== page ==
To check to see whether seed is viable, Upham advises placing 10 seeds on a paper towel moistened with warm water and covering them with a second moist towel. Roll up the towels and place them inside a plastic bag with enough holes for air exchange but not so many that the towels dry quickly. Place the bag in a warm place such as the top of the refrigerator. Remoisten towels with warm water as needed. After the first week, check for germination. Remove sprouted seed and check again after another week. Add these numbers together to determine the percent germination.
Be especially on the lookout for mouse tunnels around fruit plants, Upham says. “Trunks and roots of apple trees are among the favorite meals for mice,” he says. “There is probably no damage yet. But if we receive enough snow to cover winter food supplies, mice will begin to feed on the lower area of tree trunks and roots. This feeding may be severe enough to girdle tree trunks and kill the trees.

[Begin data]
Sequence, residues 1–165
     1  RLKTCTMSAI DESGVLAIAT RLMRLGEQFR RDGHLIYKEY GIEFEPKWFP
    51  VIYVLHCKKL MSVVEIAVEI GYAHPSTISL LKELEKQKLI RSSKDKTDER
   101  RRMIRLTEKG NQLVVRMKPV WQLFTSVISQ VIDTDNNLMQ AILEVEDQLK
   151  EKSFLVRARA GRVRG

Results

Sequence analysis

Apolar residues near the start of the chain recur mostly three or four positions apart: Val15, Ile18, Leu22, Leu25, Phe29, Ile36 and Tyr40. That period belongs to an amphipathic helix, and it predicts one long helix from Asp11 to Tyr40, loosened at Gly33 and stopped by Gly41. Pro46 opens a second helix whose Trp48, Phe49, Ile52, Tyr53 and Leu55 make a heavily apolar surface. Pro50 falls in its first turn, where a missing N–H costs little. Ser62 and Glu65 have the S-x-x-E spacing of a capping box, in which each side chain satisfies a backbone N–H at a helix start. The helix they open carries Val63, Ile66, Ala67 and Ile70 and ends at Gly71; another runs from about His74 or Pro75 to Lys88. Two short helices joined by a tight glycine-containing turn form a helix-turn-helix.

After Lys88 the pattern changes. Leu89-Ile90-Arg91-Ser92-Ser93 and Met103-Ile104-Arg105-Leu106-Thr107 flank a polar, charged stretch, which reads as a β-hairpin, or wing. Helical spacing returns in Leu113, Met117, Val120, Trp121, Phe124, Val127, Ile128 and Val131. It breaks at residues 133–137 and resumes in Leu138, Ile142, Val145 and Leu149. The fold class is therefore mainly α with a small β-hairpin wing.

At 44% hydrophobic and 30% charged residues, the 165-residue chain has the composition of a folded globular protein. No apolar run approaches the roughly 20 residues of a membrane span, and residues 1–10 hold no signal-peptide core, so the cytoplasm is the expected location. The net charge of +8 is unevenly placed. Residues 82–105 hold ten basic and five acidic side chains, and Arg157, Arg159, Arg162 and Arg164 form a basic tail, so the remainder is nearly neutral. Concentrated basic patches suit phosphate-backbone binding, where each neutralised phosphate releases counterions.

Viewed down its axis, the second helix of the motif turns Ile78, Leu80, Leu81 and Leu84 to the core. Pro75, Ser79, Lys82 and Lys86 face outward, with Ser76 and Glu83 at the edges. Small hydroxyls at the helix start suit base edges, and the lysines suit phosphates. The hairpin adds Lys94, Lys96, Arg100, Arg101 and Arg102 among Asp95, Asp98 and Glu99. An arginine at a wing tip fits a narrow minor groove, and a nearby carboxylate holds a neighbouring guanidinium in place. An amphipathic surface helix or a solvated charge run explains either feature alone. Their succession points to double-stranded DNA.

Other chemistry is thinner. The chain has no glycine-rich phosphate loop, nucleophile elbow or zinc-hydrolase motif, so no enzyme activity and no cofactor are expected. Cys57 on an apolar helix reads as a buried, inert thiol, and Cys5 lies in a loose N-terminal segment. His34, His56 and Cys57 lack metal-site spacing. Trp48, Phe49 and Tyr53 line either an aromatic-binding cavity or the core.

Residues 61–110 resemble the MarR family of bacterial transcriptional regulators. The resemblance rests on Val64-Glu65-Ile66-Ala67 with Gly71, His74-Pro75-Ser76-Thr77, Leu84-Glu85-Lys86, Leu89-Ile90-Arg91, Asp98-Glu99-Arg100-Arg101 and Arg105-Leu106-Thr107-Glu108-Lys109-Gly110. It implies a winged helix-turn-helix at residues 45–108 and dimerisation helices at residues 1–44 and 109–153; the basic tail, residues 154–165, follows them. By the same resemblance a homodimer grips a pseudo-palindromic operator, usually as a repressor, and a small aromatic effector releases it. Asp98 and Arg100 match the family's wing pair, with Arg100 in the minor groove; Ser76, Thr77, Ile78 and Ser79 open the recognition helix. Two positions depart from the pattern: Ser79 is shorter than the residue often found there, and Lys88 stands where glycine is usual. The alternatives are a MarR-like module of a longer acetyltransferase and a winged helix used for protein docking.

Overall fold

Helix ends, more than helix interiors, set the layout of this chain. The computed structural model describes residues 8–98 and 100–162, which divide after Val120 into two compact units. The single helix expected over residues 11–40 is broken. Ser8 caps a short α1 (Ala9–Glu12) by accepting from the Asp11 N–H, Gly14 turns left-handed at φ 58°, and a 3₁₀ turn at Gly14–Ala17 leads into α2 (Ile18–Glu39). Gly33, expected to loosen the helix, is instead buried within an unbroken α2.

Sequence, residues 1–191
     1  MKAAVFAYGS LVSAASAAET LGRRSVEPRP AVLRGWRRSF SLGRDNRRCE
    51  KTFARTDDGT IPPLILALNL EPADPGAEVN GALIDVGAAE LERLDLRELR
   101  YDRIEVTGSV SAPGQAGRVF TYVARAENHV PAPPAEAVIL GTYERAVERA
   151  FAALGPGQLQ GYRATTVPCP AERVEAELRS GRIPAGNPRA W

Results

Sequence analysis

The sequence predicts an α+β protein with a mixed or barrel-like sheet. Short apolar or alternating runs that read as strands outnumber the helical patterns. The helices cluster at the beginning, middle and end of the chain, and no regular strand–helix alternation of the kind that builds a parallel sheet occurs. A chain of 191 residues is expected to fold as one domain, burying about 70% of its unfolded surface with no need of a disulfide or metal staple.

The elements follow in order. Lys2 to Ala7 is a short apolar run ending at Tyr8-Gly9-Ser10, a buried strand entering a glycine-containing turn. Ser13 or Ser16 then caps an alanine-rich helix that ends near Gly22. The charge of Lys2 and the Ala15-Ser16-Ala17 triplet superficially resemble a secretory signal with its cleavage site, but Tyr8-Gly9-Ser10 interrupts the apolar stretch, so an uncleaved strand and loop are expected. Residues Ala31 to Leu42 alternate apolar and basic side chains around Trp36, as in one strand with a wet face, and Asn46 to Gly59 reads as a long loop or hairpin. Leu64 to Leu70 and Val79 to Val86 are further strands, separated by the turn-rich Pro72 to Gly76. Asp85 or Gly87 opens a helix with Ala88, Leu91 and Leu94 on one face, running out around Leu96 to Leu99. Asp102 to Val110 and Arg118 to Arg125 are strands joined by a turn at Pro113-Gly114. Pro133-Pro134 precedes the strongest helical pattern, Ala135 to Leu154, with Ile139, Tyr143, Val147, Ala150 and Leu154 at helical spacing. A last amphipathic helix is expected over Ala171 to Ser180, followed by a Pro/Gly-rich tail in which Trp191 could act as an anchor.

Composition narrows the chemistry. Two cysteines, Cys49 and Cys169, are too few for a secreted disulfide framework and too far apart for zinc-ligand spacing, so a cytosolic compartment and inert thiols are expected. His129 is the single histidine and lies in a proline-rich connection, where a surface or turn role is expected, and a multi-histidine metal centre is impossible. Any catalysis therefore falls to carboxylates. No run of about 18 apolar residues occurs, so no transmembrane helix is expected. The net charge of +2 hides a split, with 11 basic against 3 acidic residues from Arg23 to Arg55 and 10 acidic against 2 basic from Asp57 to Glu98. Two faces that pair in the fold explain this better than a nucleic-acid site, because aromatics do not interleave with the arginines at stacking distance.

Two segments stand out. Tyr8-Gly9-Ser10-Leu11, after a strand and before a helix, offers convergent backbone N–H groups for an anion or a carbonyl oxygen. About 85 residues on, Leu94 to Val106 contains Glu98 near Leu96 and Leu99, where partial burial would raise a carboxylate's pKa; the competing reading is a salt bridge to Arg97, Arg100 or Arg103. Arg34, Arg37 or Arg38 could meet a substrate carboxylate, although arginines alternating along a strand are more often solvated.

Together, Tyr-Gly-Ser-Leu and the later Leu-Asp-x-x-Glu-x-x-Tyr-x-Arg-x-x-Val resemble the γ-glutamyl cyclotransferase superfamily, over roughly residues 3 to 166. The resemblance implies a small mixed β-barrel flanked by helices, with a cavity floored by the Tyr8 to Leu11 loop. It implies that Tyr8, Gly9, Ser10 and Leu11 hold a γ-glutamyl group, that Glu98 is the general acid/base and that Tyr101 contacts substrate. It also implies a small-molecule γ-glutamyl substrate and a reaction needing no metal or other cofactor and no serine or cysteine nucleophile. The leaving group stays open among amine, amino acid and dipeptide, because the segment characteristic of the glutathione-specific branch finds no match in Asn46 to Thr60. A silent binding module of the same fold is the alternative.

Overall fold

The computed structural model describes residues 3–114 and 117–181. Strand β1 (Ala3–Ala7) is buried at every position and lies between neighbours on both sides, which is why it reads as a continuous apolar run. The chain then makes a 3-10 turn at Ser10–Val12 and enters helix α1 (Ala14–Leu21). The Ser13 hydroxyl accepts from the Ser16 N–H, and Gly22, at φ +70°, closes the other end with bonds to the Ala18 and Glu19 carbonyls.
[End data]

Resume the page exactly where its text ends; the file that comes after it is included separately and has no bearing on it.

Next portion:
“Mice like to hide in dead grass and weeds around the trees, especially close to the trunks. They will often tunnel near the soil surface and feed on the tree bark. You can check for mice by placing baited mouse traps in PVC or other pipe near your trees. Insert the traps far enough into the pipe so that pets are unable to reach the trap. Check the stations about once a week and reset traps if necessary. Mouse damage can be severe enough to kill trees that are old enough to bear fruit. Clear dead grass and weeds away from your trees and monitor for mice if you are using mulch around your fruit plants.”
There will be no more lunchtime lectures this year at Botanica. The first one next year will be Jan. 9.